Ever notice that acronyms and initialisms don’t often spell out anything good in their full forms? There is no DCBT (designated cupcake break time) or PPH (playing with puppies hour). Instead the world gets a bunch of short-form diseases, industry-specific jargon, snooze-inducing baseball statistics and, oh yeah, cyberattacks that are wreaking havoc on websites, businesses, governments and even average unsuspecting people every day.
Yes, DDoS might as well stand for very bad internet thing, because that’s essentially what it is. Here are the specifics of that very bad internet thing, as well as a primer on what else you need to know in regards to these increasingly popular attacks.
DDoS, aka distributed denial of service
Distributed denial of service, in turn, means a cyberattack that aims to overwhelm the server or network resources of a targeted website or other online service. At its most basic level, the DDoS meaning is an attack that when successful takes a website or service offline, keeping its users from using it.
DDoS attacks are a type of denial of service attack
As can be inferred from their names, both denial of service (DoS) attacks and distributed denial of service attacks seek to deny services to their legitimate users. DDoS fits into the category of DoS, but DDoS and DoS attacks have significant differences.
In DoS attacks, just a single internet connection is used to either exploit a vulnerability or exhaust server resources with bogus requests. DDoS attacks on the other hand use a botnet, which is a network of computers and other devices that cybercriminals have hijacked using malware that allows the devices to be controlled remotely. A botnet provides attackers with powerful computing resources that do the legwork of overwhelming servers of networks on victim websites or services.
DDoS attacks typically target either the network layer or application layer
Network layer attacks tend to be big, as they are essentially a battle between a botnet and an intended victim to see who has more bandwidth available. When successful, a network layer DDoS attack clogs the pipeline of the network, preventing access to the servers and sometimes running up big-time bandwidth bills.
Application layer attacks are more sophisticated and target the server with fake requests that use up a significant amount of server resources for processing or handling. Think of a network layer attack like running full force at a man and tackling him, and an application layer attack like tying his shoelaces together and waiting for him to trip.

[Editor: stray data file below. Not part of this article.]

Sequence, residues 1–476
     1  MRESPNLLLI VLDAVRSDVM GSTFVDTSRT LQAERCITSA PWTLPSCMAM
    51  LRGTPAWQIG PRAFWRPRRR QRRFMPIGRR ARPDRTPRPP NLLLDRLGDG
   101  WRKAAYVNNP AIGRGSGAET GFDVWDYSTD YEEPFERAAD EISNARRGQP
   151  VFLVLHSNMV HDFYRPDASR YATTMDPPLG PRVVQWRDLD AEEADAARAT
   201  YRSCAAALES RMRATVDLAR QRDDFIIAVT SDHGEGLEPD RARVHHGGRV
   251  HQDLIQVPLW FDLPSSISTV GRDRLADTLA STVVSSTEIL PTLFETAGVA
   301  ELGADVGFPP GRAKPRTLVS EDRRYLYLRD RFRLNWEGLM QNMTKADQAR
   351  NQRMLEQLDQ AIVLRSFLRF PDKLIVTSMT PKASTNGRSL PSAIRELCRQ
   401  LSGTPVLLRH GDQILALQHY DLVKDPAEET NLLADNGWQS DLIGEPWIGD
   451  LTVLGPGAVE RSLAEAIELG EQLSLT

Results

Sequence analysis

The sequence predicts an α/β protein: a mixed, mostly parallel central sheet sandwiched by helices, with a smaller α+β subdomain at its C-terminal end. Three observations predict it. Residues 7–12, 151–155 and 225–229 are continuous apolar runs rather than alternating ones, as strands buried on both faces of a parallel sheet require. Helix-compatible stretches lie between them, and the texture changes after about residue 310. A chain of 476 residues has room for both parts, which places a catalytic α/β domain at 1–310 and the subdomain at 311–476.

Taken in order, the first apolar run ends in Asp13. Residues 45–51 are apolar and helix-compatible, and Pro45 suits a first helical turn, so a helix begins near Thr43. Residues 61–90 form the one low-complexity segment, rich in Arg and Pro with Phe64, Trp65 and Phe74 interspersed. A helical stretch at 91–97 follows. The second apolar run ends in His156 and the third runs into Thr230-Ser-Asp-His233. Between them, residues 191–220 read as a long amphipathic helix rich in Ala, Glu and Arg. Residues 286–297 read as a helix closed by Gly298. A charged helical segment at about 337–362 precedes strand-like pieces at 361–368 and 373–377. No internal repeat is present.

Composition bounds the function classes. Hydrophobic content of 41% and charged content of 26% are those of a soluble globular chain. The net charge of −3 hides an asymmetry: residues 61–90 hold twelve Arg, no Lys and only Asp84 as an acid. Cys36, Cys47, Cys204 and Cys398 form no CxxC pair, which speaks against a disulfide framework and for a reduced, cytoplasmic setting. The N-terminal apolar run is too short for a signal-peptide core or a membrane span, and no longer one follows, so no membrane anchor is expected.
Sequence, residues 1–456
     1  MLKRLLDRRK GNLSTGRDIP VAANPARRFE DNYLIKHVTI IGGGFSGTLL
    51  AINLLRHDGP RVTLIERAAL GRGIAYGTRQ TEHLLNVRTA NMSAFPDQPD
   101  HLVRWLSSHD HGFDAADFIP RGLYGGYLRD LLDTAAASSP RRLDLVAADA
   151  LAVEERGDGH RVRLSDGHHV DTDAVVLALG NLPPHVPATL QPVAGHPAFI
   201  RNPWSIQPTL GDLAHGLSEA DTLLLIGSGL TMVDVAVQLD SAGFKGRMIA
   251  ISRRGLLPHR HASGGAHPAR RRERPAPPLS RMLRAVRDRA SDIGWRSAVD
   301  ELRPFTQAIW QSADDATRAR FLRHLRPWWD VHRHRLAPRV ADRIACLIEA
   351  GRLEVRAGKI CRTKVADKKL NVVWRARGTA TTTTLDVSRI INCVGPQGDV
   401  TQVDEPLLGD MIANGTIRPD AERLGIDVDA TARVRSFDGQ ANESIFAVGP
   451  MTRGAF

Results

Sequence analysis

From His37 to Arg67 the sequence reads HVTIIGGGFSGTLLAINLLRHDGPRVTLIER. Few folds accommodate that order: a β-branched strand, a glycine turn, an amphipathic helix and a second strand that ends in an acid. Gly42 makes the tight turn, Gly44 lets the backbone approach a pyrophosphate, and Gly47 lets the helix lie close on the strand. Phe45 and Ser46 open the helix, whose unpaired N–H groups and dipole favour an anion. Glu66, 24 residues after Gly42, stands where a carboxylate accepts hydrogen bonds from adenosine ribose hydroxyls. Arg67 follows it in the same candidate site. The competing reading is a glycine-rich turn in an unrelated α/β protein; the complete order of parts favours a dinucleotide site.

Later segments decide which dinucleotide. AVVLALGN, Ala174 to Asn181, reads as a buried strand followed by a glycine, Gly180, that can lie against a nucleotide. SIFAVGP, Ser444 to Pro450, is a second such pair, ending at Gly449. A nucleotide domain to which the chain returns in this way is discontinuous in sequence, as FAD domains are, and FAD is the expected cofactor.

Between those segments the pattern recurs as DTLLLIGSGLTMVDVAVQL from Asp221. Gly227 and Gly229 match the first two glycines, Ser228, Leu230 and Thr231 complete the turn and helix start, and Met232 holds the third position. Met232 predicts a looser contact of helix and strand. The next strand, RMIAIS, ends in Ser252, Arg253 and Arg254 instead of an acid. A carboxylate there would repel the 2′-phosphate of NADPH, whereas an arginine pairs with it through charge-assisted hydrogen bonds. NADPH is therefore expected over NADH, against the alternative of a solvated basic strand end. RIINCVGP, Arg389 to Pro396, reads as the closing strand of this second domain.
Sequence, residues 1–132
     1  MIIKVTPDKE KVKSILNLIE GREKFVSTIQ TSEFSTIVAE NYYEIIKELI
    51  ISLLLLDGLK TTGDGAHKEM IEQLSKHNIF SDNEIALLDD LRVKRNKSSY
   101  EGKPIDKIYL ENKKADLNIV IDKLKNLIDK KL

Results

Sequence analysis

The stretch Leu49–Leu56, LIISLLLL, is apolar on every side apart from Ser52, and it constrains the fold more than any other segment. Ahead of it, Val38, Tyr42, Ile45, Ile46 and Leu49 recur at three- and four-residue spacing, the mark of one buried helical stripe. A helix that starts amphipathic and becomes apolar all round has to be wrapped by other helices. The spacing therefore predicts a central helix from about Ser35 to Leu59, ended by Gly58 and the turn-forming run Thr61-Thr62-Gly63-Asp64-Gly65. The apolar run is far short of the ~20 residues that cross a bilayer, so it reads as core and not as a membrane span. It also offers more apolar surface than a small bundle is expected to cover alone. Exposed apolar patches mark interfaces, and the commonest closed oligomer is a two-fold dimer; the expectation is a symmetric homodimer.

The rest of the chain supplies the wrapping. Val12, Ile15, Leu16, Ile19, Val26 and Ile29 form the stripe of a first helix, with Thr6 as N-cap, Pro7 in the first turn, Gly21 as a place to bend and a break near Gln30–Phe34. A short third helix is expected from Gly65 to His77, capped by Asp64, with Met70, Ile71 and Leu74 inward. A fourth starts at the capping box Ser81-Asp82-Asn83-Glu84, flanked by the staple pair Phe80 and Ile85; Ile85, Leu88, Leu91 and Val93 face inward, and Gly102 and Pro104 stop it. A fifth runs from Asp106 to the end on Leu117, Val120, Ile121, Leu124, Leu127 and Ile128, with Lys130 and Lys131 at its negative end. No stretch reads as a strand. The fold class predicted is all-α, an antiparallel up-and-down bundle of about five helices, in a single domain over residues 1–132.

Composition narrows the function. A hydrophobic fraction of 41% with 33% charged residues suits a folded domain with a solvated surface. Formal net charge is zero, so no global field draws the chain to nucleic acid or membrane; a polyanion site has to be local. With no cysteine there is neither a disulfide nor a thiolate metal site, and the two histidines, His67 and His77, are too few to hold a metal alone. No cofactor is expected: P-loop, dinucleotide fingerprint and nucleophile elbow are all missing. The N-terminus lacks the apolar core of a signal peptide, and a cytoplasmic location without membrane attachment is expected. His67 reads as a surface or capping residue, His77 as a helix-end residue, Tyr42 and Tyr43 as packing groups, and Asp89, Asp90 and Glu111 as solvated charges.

The consequences of these attacks are both short-term and long-term
Regardless of which type of attack is undertaken, the consequences are much the same: users are unable to access the site or service. This results in an immediate loss of traffic or revenue, as well as a long-term loss of loyalty – often the costliest consequence of a DDoS attack.
Other possible consequences include software or hardware damage, a massive bandwidth bill from a network layer attack, and the truly terrifying prospect of a data breach that occurs while a cybersecurity team was distracted by the distributed denial of service attack.
Attacker motivations vary widely
The reasons behind DDoS attacks range from business or personal revenge, to gaining advantage in a competitive industry like online gaming or SaaS, to using these attacks as a form of political protest, extorting easy money using DDoS ransom notes, and for plain old “fun.”
The people behind distributed denial of service attacks likewise range from brilliant hackers to script kiddies to average people with a few extra dollars they’re willing to pay to a DDoS for hire service. There’s also a wide, wide range of DDoS victims: government websites or services, media outlets, major corporations, small to medium businesses, mom and pop shops, and random websites targeted by the quick money-making scheme of DDoS ransom notes. In short, potential victims include almost every website on the internet.
The best defense is a good defense
Unfortunately for, well, almost every website on the internet, there’s no way to actually prevent DDoS attacks from being launched. It’s only possible to prevent attempted attacks from being successful, and this is something that typically requires professional DDoS protection. For most websites and businesses this means scalable, cloud-based protection that uses granular traffic inspection and has either always-on or on-demand deployment, depending on a website or business’s specific needs. For some organizations, on-demand protection is necessary to meet compliance requirements.
With the right mitigation in place, an ugly initialism like DDoS can become little more than a blip on the radar of website and business owners. An NBD, if you will; a rare good news initialism.
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